D'Angelico / NYL-1 TearDrop (1 Of 5 Signed By Hidesato Shino) / 2000 / Sunburst / Guitar
Single Venetian (round) cutaway with extended treble bout forming a teardrop shape. One of just five D'Angelico 'TearDrop' guitars specially built by Hidesato Shino (Japan's top Luthier) in 2000.
This incredible guitar is a near exact reproduction of the original 'TearDrop' guitar built by John D'Angelico for Peter Girardi of the 'Tear-Drops' in 1957, which is currently on exhibit at the Metropolitan Museum of Art in New York (catalog # 67). This single Venetian (round) cutaway with extended treble bout forming a teardrop shape weighs just 6.30 lbs. Seventeen and a half inch-wide, three and one eighth inch deep body, with a carved one-piece close-grained spruce top with two triple-bound 'f' holes. Two-piece carved curly 'highly flamed' maple back and sides. The top and bottom of the body feature an amazing seventeen-ply white and black binding. Three-piece highly-flamed maple neck with two ebony strips. The neck is triple-bound, and the headstock has five-ply binding. Unique D'Angelico carved headstock with Brazilian mahogany laminated face. "D'Angelico / New York" and "New / Yorker" elaborately inlaid in pearl, 'Skyscraper' shaped pearl truss-rod cover with three screws and brass 'dome' on top of headstock. Black laminate headstock back with pearl diamond inlay. Individual Grover 'Rotomatic' tuners with 'stairstep' metal buttons. Bound ebony fretboard (with double white lines on either side), 22 jumbo frets, a comfortable nut width of 1 11/16 inches and a really nice medium-to-thick neck profile. Inlaid pearl split-block position markers. Unique Brazilian rosewood 'teardrop' shaped pickguard with twelve-ply binding. Pre-compensated, height adjustable rosewood bridge on unique 'teardrop' shaped ebony base with five shaped pearl inlays. Specific Ebony tailpiece secured to the end of the body by four screws (including strap-pin), Rectangular light-gray label inside the bass f-hole, with "D'Angelico / New York" "New York Model: NYL-1 TearDrop" / Serial: "00/022619" (written in black ink) and "Vestax Corp. Tokyo" signature of "H.Shino" in black ink. All hardware gold-plated. This guitar is in mint (9.50) condition and is housed in it's original D'Angelico 'teardrop' shaped seven-latch brown imitation crocodile hardshell case with cream plush lining (9.50).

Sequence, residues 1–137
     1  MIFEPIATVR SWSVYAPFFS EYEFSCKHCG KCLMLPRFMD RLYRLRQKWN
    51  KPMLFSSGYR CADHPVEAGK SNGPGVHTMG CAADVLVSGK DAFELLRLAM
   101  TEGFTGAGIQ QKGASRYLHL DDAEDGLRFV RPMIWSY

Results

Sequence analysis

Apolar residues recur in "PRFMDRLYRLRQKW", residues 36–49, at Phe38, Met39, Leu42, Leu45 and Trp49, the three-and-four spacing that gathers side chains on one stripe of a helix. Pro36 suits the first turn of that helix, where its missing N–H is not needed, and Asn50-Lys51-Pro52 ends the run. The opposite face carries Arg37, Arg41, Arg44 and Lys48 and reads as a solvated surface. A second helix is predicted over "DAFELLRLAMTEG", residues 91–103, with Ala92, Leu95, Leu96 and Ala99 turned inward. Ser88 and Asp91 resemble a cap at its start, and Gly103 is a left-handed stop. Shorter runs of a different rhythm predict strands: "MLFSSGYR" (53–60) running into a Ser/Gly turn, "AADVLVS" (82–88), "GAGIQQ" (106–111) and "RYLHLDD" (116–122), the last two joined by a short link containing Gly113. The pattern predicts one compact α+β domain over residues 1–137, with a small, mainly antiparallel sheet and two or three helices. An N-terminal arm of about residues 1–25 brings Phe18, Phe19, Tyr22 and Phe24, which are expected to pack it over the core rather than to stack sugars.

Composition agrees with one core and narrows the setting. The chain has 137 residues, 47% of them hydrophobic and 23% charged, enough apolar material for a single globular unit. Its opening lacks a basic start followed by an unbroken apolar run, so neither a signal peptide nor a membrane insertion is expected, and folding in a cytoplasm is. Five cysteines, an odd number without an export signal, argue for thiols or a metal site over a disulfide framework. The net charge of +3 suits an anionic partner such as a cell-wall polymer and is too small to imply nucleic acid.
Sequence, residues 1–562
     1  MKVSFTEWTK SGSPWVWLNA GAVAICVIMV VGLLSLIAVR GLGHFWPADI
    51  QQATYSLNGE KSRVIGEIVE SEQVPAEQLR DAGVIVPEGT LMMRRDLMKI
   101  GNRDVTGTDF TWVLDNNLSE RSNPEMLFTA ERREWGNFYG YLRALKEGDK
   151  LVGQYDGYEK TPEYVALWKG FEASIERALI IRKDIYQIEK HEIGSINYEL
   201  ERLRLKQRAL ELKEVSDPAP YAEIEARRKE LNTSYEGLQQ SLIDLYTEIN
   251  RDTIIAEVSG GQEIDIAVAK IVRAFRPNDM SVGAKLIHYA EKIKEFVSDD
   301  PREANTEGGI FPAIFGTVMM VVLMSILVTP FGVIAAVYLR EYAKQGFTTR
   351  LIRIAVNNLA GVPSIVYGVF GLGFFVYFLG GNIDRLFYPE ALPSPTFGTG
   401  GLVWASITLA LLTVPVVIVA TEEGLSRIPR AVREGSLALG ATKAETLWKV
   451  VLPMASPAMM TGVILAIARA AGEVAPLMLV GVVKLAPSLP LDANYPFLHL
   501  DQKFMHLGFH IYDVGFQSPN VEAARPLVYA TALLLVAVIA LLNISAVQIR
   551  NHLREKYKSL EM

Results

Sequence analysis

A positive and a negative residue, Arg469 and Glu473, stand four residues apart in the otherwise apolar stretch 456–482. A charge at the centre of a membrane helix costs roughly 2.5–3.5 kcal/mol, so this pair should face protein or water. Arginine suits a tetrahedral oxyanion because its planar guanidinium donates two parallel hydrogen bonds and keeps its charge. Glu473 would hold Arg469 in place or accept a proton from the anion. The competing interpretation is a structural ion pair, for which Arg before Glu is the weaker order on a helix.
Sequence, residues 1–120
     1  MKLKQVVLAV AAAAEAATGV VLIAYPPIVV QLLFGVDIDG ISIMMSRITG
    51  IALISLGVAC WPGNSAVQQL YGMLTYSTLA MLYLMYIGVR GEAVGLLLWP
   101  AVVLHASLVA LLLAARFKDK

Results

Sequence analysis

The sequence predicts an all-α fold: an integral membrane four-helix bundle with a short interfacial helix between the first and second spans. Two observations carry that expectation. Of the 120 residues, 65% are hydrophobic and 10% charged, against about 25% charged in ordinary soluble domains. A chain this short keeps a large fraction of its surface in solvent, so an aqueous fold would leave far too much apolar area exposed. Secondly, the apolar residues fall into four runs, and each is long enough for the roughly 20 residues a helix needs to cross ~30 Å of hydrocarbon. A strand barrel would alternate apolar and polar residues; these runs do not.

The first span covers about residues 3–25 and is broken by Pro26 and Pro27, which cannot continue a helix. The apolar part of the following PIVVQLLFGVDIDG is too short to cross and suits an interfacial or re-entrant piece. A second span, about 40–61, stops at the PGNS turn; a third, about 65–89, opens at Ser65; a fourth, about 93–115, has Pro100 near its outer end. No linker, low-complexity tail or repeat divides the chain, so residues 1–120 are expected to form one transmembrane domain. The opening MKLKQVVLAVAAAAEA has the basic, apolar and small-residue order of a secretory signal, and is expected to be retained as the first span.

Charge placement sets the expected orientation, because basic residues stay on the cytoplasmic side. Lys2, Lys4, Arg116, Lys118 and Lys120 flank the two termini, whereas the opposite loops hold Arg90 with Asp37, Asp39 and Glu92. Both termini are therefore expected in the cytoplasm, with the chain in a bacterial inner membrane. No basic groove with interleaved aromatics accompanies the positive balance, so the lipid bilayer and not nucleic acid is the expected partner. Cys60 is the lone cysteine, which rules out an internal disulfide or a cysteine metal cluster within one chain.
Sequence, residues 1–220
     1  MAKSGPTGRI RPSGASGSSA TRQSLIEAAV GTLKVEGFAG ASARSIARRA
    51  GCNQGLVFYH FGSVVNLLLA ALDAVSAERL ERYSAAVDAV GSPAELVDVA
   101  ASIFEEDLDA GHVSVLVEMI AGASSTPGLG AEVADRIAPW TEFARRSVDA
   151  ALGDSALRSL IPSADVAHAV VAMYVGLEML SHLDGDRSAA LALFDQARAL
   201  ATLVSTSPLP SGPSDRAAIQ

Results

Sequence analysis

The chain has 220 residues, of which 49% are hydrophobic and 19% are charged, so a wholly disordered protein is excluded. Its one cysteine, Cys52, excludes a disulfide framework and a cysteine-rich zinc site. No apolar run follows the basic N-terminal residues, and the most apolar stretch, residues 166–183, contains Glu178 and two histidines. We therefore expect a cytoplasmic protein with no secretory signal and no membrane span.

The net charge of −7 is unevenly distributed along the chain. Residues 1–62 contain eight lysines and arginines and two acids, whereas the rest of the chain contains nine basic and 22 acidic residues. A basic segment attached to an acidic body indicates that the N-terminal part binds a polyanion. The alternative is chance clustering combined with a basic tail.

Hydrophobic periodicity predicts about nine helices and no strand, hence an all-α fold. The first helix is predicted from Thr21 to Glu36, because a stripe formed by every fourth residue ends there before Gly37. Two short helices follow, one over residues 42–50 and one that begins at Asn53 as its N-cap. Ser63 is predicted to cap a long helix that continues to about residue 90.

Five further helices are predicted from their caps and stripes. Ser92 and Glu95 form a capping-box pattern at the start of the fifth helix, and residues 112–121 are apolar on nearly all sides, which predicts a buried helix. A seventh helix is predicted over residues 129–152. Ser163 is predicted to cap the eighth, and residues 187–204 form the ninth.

The only visible differences between this Hidesato Shino version and the original Peter Girardi guitar are as follows:
1. The inlaid pearl headstock logo has "New Yorker" instead of the initials "PG"
2. The pearl fretboard markers are split-parallelogram instead of plain block
3. The tailpiece is made of Ebony instead of brass engraved with the D'angelico name